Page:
Moored for a Moment in Payang Memory Lane

<—-Kisah Sebelumnya

After enjoying the elegance of Terengganu Drawbridge, I sat down at a Kite Bus Stop. The existence of a city bus stop on Dataran Shahbandar shows that this stretch of Pesisir Payang is the economic pulse and tourism destination of Terengganu.

Even after six hours, I have explored the right places for newcomers to know.

Many times I drank bottled mineral water to fight dehydration when more and more locals came to Pesisir Payang. Oh, I would just leave the coast when the situation got busier. Maybe the sun was starting to fall and the atmosphere would soon be cool which made this place become crowded.

Again, I measured Sultan Zainal Abidin Street with my feet heading west, bypassing the Kuala Terengganu Post Office at the main bend of a road, through the back of “Bukit Puteri” foothills which managed to instill curiosity in my heart, quickly passing Kedai Payang Market which I enjoyed a few hours ago, quickly avoiding from the dust cloud of the Kerajaan Persekutuan Project in perfecting Kedai Payang Market in the west side and arriving at the intersection right on the side of Balai Bomba dan Penyelamat Jalan Kota (fire department).

“Hmhhh….Better to find another way”, I muttered to myself for a moment. Maybe that was the best way to be able to explore the city’s treasures more. It was Kampung Cina Street which had a similar texture to the road in front of Kedai Payang Market, thick concrete with a pink paving block pattern that I finally chose.

I just realized that the smooth flow around Pesisir Payang and Kampung Cina was influenced by the presence of a five-story parking building right at the golden fork. According to the tradition of the Chinese community, Kampung Cina Street was lined with complexes of shop houses and commercial shops. As I went west, I noticed that old Chinese buildings seemed to dominate.

That time, I planned to spend the afternoon walking in the city streets to the inn, of course with a different route from my departure route this morning. Walking along Kampung Cina Street made my stomach even more hungry. The distinctive aroma of Chinese cuisine pierced my sense of smell I never gets tired of sucking it. The terrace of a row of two-story shophouses directly appeared adjacent to the street so that passing vehicles only slowly drove to maintain the safety of pedestrians.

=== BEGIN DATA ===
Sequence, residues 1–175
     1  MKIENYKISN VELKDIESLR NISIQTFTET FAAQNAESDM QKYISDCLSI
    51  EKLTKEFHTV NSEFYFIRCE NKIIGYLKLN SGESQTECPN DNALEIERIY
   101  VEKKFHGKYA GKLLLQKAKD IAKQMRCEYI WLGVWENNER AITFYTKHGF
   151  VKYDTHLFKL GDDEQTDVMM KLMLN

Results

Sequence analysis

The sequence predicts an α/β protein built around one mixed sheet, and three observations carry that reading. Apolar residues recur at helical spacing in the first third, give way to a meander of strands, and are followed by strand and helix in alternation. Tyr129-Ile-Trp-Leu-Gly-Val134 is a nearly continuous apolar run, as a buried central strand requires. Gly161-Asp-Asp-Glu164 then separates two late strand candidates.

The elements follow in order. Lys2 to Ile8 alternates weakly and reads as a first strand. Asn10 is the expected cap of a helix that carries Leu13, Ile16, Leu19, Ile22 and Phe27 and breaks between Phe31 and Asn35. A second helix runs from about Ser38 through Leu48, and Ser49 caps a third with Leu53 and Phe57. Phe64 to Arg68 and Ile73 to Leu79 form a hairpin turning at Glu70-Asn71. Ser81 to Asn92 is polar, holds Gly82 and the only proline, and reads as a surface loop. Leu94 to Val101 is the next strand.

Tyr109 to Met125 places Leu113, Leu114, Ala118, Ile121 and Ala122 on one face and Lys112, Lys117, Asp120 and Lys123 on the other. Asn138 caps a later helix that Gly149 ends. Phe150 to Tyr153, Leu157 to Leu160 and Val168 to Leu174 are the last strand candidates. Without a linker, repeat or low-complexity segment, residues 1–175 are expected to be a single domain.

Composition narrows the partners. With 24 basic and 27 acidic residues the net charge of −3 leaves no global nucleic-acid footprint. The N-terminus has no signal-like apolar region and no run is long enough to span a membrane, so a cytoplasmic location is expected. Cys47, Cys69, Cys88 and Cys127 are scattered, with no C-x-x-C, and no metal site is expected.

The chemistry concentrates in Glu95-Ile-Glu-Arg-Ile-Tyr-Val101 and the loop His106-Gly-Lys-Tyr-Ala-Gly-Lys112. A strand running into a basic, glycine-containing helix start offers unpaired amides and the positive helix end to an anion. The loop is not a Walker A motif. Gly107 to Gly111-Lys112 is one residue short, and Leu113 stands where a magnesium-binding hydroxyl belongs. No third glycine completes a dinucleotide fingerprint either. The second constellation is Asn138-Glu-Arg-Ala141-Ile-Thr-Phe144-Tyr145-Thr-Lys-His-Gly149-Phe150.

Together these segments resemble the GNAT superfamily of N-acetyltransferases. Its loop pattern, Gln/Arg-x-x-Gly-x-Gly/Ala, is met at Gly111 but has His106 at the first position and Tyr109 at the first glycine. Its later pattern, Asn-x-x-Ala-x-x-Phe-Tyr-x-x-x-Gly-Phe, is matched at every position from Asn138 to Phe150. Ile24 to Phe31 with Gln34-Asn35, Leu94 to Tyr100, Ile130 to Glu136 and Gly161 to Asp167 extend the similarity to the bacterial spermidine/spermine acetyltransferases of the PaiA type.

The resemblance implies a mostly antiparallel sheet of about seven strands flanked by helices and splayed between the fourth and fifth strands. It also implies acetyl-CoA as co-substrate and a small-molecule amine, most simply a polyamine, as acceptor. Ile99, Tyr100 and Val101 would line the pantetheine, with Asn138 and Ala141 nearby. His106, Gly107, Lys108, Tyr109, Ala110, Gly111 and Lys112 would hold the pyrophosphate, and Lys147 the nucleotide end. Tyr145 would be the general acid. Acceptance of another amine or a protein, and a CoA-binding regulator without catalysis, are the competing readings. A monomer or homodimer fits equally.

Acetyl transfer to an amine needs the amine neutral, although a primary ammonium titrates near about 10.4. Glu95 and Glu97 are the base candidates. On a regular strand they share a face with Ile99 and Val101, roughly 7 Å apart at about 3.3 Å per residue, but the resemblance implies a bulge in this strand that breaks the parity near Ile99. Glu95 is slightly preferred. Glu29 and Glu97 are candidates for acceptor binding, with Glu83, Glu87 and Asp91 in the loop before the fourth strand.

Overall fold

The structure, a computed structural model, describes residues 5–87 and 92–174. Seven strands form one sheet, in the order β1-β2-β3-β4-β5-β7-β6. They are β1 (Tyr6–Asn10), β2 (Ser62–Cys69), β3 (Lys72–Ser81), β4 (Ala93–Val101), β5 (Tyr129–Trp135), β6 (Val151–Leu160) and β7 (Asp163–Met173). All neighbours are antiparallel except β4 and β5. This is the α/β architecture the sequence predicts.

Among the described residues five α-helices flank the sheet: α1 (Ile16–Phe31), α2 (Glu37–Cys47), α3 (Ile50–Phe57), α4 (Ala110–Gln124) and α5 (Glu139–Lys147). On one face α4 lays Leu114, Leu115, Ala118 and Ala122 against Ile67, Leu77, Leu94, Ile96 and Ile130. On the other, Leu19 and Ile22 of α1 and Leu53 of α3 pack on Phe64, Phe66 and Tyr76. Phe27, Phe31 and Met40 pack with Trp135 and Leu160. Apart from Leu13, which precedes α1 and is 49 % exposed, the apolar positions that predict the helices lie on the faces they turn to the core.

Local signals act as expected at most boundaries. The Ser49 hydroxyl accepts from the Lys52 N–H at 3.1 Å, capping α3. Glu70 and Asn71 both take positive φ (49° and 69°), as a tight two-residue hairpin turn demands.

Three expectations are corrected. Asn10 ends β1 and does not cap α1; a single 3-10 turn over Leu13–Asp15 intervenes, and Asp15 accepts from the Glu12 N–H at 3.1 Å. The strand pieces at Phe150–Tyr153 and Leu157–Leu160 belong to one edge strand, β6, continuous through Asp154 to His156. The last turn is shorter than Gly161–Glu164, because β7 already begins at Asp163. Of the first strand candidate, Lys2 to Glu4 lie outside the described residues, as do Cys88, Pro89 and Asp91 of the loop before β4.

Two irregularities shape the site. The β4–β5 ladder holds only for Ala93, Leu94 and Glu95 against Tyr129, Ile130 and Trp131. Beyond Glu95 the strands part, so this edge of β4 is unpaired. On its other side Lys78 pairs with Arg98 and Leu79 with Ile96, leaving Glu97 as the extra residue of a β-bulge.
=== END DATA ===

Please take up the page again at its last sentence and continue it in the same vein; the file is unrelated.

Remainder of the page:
My steps suddenly stopped because of the appearance of an alley full of artistic taste. I was standing right in front of it. Meanwhile, what could be seen inside was an arrangement of colorful umbrellas neatly arranged as the roof of the forty-meter-long alley.

“Payang Memory Lane”, I silently read the alley header. “Then there is history here”, I began to conclude.

I was in the front of the hall…
Two of the seven Chinese figures are enshrined along the hall.
View from the end of the hall.

I began to slowly enter the mouth of the alley. My gaze automatically turned to the left. Lined with reliefs of seven prominent Chinese community leaders who were said to be devoted to the Terengganu Sultanate. In that order, the names of Dato’ Tan Eng Ann (once served as Chairman of MCA Terengganu), Dato’ Toh Seng Chong (formerly served as Exco of the State Kingdom), Jang Chow Thye, SMT (formerly served as Expert of the Royal Malaysian Council), Dato’ Tok Teng Sai (formerly Terengganu MCA State Chairman), Senator Dato’ Ir. Wong Foon Meng (formerly the Lead Yang Di-Pertuan State Council), YB Toh Chin Yaw (formerly the State Executive Councilor), and Tan Sri Dato’ Lau Yin Pin (formerly the State Council Expert).

Meanwhile, mural paintings occupied the remaining stretch of walls along the hallway. The paintings depicted the richness of Kuala Terengganu’s stories, which were nicknamed Bandaraya Warisan Pesisir Air. Therefore, ocean-themed murals were very thick in this hallway.

Actually taking shelter in that three-and-a-half-meter wide alley was really very comfortable in the midst of the surrounding atmosphere which still left heat even though the sun had slipped in the west. It was just that I certainly didn’t have much time, I had to quickly step through other corners of the city before the sun really set.

So I came out of the hallway which was also known as Payang Memory Lane. Oh yes, actually there were other alleys that of course, I couldn’t visit one by one. It was Turtle Alley that tells the story of turtle conservation efforts in Terengganu, several other alleys are called Eco Lane, Seven Wonders Alley, and Lorong Haji Awang Besar.

Come on, just followed my steps…. What else would I meet in Kuala Terengganu?

Impromptu Photographer in Terengganu Drawbridge

<—-Previous Story